When great Nature sighs, we hear the winds
Which, noiseless in themselves,
Awaken voices from other beings,
Blowing on them.
From every opening
Loud voices sound. Have you not heard
This rush of tones?
Thomas Merton translation of Chuang Tzu
Image by: Franz Walter
“If you are always without desires, you thereby observe its marvels. If always have desires, you thereby observe its outer fringe.” -Laozi
A. If you are not seeking something from afar, you are much more aptly to attain and immerse your being with what is occurring in that moment with the Dao, being in an ordinary state of consciousness, yet fully absorbed in its action. If you are seeking beyond this you are missing what is in view as you cast your gaze at other possible outcomes, becoming only immersed in an imaginative rendering of a yet to be approached outcome. -Josh Fleming
B. “Meant here by “outer fringe” are perhaps empirical observable natural phenomena, all of which come about through the power and working of the mysterious Dao, but none of which manifest the Dao itself. By somehow becoming free of desires, it would appear that you are supposed to acquire a capacity to comprehend what eludes the grasp of ordinary consciousness.” -James Legge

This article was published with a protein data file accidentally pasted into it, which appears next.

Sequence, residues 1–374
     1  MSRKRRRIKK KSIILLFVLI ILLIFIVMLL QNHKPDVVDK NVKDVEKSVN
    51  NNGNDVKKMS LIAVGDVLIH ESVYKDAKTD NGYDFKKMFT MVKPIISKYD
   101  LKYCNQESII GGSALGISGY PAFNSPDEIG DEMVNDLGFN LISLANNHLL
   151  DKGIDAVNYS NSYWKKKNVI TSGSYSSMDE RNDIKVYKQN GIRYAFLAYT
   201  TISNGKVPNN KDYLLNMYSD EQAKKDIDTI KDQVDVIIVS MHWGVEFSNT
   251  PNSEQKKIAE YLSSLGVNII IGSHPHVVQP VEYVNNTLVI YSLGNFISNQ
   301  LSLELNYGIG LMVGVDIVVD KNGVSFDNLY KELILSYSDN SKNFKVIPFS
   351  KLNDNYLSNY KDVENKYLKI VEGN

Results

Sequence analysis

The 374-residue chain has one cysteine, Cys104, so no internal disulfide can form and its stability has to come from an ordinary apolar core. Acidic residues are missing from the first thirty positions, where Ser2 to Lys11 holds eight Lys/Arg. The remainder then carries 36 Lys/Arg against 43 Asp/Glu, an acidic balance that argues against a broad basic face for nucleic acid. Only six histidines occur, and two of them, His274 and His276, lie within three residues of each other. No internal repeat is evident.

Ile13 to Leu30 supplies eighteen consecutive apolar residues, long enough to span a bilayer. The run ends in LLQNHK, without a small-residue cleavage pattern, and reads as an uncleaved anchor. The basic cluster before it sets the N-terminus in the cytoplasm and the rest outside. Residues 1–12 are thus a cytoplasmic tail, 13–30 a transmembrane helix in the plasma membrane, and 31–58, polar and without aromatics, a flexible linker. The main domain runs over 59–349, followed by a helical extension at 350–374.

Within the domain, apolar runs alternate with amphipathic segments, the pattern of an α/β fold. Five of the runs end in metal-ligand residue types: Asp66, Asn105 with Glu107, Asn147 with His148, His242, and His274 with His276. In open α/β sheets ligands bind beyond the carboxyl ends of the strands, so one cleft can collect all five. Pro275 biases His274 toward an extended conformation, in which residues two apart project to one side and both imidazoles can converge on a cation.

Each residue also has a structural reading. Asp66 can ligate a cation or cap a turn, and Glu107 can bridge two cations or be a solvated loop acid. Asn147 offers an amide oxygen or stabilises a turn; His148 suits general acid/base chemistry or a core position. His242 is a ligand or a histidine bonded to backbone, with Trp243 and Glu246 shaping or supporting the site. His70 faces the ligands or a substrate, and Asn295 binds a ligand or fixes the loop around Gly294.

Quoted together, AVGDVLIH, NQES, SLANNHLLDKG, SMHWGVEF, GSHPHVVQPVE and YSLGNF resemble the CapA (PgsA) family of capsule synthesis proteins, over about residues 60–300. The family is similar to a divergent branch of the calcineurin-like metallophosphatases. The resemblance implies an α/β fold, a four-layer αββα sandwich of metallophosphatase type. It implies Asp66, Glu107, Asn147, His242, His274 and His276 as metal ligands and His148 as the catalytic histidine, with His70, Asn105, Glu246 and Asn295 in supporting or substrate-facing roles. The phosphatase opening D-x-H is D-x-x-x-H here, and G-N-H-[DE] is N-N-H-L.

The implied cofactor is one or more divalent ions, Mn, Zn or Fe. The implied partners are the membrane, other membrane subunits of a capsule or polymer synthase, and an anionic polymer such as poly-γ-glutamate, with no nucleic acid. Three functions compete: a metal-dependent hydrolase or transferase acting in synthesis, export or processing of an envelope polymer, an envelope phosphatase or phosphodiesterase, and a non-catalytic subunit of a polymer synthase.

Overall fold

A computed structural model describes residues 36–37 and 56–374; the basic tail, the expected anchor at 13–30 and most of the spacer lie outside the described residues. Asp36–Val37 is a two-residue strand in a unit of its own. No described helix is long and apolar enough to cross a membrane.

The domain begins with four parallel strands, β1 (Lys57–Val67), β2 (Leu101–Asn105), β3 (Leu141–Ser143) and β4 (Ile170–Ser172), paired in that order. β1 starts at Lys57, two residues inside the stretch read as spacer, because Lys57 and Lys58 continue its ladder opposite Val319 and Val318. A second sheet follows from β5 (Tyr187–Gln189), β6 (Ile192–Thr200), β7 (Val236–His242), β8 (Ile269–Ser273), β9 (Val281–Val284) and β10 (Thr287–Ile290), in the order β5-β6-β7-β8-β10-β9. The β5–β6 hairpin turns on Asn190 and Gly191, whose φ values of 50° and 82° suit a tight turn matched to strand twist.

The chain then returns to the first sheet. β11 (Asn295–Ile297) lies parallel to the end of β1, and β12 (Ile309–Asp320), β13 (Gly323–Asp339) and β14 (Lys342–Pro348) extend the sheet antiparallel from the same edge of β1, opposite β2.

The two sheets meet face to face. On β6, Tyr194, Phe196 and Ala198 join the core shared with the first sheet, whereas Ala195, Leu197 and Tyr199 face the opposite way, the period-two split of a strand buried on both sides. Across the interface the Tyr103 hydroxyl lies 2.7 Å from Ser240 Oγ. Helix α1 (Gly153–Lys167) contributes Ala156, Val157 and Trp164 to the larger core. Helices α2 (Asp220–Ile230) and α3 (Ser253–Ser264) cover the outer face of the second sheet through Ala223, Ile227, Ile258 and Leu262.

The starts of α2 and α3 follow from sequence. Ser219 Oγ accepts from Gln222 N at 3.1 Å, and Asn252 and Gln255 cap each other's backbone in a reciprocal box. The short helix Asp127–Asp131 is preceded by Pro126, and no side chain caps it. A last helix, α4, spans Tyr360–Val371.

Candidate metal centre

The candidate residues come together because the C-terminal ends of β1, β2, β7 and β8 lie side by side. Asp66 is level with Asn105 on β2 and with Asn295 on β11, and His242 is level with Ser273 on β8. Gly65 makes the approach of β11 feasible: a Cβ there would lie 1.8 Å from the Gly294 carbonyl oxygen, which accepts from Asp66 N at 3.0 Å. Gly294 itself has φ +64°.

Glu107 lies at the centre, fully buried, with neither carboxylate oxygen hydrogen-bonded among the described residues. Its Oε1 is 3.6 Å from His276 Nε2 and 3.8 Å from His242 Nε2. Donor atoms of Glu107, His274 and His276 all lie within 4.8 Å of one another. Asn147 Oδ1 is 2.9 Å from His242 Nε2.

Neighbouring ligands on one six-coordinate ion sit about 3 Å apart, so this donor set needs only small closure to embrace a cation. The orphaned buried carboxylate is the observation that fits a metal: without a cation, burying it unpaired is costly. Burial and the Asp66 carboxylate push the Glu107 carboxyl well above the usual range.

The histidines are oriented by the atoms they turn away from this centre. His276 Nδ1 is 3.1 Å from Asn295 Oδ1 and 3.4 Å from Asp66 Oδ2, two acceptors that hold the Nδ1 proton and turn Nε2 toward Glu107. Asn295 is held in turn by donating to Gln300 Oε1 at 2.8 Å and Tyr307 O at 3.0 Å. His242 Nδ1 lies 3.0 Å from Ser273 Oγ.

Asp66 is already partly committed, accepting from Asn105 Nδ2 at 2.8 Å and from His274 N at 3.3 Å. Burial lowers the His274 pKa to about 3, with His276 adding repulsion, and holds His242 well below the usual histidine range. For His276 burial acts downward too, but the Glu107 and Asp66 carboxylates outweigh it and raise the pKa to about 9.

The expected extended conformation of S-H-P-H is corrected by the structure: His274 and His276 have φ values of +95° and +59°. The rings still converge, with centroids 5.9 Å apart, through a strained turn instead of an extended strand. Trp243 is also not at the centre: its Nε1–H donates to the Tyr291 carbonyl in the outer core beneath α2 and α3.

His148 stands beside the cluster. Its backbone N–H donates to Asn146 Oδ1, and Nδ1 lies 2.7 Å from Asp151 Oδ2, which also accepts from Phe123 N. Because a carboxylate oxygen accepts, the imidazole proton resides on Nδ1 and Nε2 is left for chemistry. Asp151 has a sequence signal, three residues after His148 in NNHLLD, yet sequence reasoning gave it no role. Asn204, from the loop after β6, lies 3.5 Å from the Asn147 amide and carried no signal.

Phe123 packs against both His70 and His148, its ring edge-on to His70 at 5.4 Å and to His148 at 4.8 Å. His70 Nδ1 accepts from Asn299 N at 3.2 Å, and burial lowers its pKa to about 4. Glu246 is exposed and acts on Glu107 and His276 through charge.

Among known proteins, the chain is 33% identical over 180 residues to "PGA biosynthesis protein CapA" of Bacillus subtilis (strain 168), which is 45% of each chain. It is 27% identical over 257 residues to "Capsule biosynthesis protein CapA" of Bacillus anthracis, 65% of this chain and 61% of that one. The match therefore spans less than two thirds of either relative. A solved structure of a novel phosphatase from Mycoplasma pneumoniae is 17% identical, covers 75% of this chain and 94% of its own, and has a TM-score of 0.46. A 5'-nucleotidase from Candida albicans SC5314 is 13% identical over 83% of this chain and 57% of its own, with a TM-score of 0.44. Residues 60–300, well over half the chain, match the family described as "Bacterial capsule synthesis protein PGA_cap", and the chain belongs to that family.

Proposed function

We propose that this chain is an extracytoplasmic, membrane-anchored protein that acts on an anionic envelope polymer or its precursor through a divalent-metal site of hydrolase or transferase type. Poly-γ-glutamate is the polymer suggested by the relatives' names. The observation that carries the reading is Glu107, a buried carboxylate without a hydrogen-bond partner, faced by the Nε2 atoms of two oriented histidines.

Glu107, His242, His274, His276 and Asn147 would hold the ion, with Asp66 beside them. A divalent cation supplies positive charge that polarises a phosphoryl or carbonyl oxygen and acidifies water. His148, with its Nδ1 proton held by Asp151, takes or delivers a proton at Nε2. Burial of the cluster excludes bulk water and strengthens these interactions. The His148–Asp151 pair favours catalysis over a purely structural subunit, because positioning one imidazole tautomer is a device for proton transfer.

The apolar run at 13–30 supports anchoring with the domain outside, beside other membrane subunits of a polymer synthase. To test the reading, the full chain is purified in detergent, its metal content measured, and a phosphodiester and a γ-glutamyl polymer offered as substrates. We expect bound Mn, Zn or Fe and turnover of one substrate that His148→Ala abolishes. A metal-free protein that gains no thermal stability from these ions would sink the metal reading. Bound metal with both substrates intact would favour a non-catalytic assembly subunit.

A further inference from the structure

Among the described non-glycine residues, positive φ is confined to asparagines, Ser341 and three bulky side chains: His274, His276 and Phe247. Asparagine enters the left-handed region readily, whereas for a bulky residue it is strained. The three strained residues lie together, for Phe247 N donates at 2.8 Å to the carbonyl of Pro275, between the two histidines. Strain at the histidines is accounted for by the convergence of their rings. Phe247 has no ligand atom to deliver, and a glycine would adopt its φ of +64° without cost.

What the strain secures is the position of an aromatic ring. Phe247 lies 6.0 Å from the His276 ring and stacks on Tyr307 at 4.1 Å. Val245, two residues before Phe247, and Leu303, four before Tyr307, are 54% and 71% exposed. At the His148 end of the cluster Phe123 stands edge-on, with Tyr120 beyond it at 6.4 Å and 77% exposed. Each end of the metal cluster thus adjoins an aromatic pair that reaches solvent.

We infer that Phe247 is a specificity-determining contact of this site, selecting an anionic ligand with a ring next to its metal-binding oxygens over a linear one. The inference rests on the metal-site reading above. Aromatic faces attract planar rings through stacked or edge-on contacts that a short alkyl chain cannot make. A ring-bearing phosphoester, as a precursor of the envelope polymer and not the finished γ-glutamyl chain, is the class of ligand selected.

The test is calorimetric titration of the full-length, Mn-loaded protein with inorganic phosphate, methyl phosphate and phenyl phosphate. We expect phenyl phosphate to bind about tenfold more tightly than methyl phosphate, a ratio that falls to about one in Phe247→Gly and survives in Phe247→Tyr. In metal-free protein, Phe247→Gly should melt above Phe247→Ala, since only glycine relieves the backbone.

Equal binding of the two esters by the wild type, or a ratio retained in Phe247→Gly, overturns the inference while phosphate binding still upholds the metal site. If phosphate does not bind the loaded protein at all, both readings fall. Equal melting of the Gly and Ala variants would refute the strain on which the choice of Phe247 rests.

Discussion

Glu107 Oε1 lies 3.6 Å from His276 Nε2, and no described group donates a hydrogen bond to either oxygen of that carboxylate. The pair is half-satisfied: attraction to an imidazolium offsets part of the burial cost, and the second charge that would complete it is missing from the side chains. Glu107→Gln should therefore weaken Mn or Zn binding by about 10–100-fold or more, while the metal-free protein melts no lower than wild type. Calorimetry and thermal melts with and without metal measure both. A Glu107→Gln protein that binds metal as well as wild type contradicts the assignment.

Both A. and B. may be true and not true depending on the perspective of the observer.
To become apart of the process as its unfolding, not to anticipate its arrival, nor its departure, not to comment on its intention or purpose. To allow an exchange of course, whereby the traveler and road need not direction nor sign to continue upon this path. A destination that cannot exist without a trail to lead or follow, a destination made possible by the course that traces the outlines of existence. On this journey, as we become apart of the process of our own unfolding. Already having arrived at our destinations, ever departing on the surface of a circumference without end.
Image by: Javier Campuzano